Conflict Minerals Disclosure Stays While Unconstitutional Bathwater Goes
Yesterday, SEC Division of Corporation Finance Director Keith Higgins affirmed that, notwithstanding a recent court ruling striking down one specific provision of the Conflict Minerals disclosure rule (the provision requiring companies to disclose that any of their products are not “conflict-free”), the Commission will move forward with the implementation of the rule as a whole, less the “unconstitutional” obligation. View Corp Fin’s statement here.
Dynda Thomas of Squire Sanders neatly summarized Corp Fin’s expectations, including the expectation that companies file their first Form SD by June 2, 2014. View the summary here. The key takeaway is that companies need not make statements assessing the “conflict-free” status (or lack thereof) of their materials. Yet such disclosure was part of the first Form SD filed last week, by Taiwan-based Siliconware Precision Industries Co., Ltd. (“SPIL”):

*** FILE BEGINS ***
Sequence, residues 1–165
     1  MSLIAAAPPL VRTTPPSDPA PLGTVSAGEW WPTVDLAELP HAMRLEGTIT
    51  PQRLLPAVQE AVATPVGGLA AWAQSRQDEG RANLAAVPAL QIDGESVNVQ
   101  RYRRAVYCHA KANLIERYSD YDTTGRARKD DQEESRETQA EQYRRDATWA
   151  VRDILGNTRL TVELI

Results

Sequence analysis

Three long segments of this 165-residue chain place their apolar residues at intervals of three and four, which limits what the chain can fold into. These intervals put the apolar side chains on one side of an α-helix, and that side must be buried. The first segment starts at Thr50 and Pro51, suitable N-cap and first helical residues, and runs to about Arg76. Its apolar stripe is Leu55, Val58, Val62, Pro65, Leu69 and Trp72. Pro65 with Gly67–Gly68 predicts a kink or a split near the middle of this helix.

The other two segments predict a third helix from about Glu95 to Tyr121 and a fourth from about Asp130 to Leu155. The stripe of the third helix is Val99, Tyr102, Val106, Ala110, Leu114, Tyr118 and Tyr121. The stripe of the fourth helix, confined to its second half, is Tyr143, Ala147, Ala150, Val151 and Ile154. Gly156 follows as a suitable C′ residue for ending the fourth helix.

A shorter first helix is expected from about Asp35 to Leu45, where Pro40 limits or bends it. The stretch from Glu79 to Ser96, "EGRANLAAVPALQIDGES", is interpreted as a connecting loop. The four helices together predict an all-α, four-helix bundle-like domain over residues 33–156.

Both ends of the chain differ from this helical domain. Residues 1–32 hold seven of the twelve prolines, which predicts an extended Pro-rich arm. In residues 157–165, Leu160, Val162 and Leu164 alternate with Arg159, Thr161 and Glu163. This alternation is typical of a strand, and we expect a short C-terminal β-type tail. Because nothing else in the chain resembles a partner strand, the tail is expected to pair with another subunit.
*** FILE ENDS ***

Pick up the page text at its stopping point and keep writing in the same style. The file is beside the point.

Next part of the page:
SPIL has determined in good faith that for calendar year 2013, its conflict minerals status resulting from its due diligence efforts shows a portion to be “DRC conflict undeterminable” and the remainder to be “DRC conflict free” (terms as defined in the 1934 Act).
This Report has not been subject to an independent private sector audit as allowed under Rule 13p-1, which provides a temporary accommodation for the first two years following November 13, 2012.
Celia Taylor, blogging for Race to the Bottom, noted the salient points of SPIL’s disclosure; view her blog post here.